Google Instant Search

Google released Instant Search earlier this week. It’s a pretty spiffy piece of technology, if you’re logged into your Google account and go to the Google search page, and start typing in a search, the screen will shift to show you results in an almost real time manner. Over the last few days, you hear a lot of tech pundits talking about how Google wasted it’s time, because no one uses the Google search page anymore, they use the search bar in their browser. So Google has spent time on a problem that doesn’t really exist.

I disagree. What I saw in Google’s new Instant Search is innovation in the search game. While Bing (the only real competitor to Google since it also power’s Yahoo’s search engine) is still trying to catch up on cracking Google’s previous search algorithm and accuracy, Google brought out the next generation of search. In other words, Google pretty much owns the search market, but they didn’t rest on their laurels (Internet Explorer anyone?). Instead Google worked to create something that will now be an expectation of all things search within the next year or so.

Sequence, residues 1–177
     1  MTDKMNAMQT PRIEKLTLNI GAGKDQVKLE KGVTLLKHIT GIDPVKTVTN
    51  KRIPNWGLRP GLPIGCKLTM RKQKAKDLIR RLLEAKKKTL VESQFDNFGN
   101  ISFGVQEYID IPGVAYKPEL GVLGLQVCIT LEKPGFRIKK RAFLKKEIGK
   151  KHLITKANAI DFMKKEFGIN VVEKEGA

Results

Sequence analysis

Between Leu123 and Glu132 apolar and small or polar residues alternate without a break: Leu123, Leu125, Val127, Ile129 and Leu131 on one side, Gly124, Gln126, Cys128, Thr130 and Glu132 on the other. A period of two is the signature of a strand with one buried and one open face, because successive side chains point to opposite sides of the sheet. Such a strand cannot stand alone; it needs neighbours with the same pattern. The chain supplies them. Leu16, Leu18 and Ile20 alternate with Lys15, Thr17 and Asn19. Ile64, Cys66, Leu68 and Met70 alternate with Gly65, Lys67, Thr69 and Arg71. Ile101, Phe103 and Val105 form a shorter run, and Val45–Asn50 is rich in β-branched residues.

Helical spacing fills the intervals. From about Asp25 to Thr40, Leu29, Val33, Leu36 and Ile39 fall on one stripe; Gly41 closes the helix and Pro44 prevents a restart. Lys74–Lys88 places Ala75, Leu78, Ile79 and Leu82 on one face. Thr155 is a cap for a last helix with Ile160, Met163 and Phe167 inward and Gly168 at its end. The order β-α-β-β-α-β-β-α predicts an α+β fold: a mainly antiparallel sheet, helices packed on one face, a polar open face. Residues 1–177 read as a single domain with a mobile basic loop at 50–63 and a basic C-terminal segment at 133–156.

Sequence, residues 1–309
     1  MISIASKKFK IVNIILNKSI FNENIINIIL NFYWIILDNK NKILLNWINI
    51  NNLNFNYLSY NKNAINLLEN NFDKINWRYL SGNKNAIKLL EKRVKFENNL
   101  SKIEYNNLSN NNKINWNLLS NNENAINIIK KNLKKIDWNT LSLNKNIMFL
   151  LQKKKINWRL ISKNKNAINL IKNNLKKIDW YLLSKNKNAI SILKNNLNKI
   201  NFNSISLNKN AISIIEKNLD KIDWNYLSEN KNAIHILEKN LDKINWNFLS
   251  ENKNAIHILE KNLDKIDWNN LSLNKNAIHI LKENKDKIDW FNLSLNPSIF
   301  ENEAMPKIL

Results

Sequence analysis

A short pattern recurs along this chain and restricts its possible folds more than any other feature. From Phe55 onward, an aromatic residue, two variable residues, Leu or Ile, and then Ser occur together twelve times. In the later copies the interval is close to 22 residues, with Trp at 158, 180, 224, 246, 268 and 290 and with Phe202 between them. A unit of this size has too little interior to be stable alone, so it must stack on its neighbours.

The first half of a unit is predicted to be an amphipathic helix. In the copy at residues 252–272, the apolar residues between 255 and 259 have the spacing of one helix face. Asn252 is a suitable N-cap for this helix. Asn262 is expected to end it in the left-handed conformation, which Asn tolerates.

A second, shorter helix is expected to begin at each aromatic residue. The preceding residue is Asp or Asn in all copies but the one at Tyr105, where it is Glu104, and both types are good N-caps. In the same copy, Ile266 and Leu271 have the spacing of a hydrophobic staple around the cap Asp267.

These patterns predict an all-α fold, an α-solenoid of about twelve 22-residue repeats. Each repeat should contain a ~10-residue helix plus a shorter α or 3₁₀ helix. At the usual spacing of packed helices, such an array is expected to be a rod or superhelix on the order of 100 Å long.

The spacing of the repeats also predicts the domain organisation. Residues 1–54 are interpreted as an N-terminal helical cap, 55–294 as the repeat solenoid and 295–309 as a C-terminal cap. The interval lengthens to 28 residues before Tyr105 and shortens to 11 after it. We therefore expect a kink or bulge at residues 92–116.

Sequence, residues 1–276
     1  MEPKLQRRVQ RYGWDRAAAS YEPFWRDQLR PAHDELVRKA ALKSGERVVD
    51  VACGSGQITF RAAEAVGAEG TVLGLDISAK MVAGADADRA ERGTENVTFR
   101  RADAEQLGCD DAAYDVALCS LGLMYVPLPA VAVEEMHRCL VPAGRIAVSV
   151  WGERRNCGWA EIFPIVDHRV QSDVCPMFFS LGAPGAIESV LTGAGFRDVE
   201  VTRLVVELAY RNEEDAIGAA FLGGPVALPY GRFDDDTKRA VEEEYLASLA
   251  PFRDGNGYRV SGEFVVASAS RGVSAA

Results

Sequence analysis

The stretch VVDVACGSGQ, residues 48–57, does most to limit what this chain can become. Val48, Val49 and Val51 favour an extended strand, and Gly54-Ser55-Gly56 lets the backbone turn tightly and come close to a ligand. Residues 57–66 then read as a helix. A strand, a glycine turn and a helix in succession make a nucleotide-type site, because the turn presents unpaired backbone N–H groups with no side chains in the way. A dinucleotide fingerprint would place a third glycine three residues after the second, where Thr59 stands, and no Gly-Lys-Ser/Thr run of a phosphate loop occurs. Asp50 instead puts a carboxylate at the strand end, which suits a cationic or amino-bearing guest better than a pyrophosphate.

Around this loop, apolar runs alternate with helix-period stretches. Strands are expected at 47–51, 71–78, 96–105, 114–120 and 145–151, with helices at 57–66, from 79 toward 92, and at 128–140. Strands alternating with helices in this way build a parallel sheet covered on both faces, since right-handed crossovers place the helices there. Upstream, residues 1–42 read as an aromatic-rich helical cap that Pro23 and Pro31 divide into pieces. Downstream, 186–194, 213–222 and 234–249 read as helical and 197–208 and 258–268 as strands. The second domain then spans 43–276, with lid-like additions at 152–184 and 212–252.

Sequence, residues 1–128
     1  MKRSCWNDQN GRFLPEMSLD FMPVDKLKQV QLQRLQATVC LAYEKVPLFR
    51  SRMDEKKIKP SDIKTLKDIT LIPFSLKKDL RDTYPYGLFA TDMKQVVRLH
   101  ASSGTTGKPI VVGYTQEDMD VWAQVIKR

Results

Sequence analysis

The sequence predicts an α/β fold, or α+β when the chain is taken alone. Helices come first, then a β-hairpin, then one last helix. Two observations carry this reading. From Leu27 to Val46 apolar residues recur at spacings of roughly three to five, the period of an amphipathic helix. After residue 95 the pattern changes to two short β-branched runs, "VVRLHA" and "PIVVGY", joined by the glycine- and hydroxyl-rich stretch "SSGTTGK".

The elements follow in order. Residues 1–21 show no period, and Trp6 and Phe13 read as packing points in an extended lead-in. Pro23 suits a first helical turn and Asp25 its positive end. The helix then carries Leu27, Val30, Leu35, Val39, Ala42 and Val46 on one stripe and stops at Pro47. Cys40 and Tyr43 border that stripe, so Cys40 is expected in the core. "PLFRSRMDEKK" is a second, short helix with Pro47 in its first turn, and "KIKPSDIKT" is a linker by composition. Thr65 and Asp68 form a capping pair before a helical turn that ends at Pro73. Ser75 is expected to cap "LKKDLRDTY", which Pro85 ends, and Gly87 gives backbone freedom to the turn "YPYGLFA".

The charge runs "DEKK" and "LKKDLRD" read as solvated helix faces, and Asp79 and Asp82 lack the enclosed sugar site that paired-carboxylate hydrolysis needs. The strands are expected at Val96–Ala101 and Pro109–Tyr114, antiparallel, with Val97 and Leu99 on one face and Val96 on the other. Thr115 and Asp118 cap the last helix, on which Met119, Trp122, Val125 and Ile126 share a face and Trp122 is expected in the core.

The amount of infrastructure, architecture, database design, database programming, and so forth used to create Google Instant Search is a tremendous amount of smarts. This is innovation is a computer science way rather than innovation in “lets solve a customer problem way” and while some would argue its the wrong focus, I’d argue that there is a place for both kinds of innovation in the tech world. Things like the backend for Instant Search are important moves forward in solving the data problems of tomorrow. We’re all sitting on large amounts of data, Facebook, Google, Twitter. There are endless amounts of data there, and sense needs to be made of that data.

So before we start saying that Google isn’t solving a real problem, we need to think a little deeper than just a customer facing level.

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